“I raise a Hallelujah, in the presence of my enemies, I raise a hallelujah, louder than the unbelief, I raise a hallelujah.  My weapon is a melody, I raise a hallelujah, heaven comes to fight for me.

I’m gonna sing in the middle of the storm, louder and louder, you’re gonna hear my praises roar, up from the ashes hope will arise. Death is defeated, the King is alive.

I raise hallelujah, with everything inside of me, I raise a hallelujah, I will watch the darkness flee, I raise a hallelujah, in the middle of the mystery, I raise a hallelujah, fear, you lost your hold on me.

I’m gonna sing, in the middle of the storm, Louder and louder, you’re gonna hear my praises roar.  Up from the ashes hope will arise, Death is defeated, the King is alive!”

Raise a Hallelujah, Bethel.


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Taking Action from the Psalms

Written by Becky Perkins

During my adult years, I have striven to read a Psalm daily to help guide and focus on my prayer time with God.  I try to read through the Psalms beginning January 1 through December 31, which enables me to read through the Book of Psalms yearly, plus extra readings.   Sometimes I fear that reading in this routine, the readings will become ritualistic and mundane, but I am reminded that sometimes we do things out of obedience until a truth from God resonates with the soul.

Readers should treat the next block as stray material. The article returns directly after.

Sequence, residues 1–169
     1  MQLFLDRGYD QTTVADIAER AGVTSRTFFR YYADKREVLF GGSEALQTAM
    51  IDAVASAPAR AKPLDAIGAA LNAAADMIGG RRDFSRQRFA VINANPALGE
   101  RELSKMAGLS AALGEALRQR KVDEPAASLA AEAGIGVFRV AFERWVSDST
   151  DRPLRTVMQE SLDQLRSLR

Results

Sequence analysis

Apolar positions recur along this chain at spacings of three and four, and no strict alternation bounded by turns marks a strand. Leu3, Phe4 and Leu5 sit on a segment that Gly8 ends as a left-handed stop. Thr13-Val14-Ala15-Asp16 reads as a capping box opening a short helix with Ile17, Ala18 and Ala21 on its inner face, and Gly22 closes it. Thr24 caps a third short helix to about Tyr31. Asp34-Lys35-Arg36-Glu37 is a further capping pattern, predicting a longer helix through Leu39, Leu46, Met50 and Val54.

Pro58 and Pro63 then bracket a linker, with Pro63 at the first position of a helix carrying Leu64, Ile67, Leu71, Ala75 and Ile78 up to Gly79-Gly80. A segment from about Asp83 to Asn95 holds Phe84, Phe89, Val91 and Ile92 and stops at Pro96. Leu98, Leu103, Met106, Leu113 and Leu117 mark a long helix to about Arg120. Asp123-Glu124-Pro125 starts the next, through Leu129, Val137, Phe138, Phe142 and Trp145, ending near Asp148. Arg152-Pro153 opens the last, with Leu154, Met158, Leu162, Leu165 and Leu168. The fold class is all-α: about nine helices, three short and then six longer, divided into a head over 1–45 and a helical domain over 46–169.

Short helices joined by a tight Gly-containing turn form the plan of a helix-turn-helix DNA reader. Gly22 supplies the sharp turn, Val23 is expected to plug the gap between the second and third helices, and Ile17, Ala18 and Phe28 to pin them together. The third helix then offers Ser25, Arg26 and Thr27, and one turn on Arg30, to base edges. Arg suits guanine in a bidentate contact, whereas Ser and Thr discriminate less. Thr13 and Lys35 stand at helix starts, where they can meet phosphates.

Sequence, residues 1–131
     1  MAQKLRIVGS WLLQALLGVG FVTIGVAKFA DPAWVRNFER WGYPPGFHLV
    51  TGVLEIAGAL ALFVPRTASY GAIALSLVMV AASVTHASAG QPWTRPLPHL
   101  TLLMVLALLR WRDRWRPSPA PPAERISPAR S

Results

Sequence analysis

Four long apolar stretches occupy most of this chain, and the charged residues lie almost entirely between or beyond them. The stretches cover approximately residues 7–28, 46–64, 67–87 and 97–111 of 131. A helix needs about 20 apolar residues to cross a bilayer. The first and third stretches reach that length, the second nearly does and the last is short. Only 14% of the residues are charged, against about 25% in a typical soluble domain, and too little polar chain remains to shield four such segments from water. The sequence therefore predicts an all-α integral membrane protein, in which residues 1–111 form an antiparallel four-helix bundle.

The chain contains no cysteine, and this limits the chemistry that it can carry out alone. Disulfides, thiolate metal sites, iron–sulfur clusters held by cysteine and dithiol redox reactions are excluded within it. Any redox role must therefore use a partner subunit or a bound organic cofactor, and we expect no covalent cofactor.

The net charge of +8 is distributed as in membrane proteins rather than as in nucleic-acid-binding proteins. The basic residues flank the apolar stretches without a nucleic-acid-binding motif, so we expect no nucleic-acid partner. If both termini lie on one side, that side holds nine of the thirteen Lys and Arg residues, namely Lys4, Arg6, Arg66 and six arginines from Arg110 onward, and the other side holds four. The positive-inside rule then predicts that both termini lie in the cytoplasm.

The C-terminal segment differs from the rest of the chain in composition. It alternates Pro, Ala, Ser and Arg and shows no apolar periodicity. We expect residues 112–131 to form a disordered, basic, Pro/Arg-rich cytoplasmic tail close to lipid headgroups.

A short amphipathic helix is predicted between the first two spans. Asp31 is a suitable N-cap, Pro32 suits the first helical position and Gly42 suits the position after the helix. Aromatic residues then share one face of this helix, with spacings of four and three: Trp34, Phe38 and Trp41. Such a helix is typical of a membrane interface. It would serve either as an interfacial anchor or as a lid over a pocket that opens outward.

Recently, while reading through Psalm 119, the longest Psalm in the book of Psalms, verses 25 – 40 became one of those treasured moments.  I was not feeling like reading that morning.  It was in the middle of VBS preparations, actually 2 weeks prior to VBS, and I was quite busy.  I was in the midst of several trainings for VBS and attempting to get all communications out to leaders.  We had 15 new adults serving in VBS this year and 3 adults who had never experienced a VBS in their life.  Not having VBS for 2 years due to Covid, it really was like starting all over again.  I was not spending the time I should have in God’s Word and prayer to prepare for such a big event.  I read through these verses and thought, God I really am not getting what I need today from these verses. Verse 25 says the person writing this Psalm felt low in the dust and was asking for God to preserve his life.  Then with a prompting from the Holy Spirit, I wrote down all of the action words in those verse.  And this is what I found, much like a hidden treasure.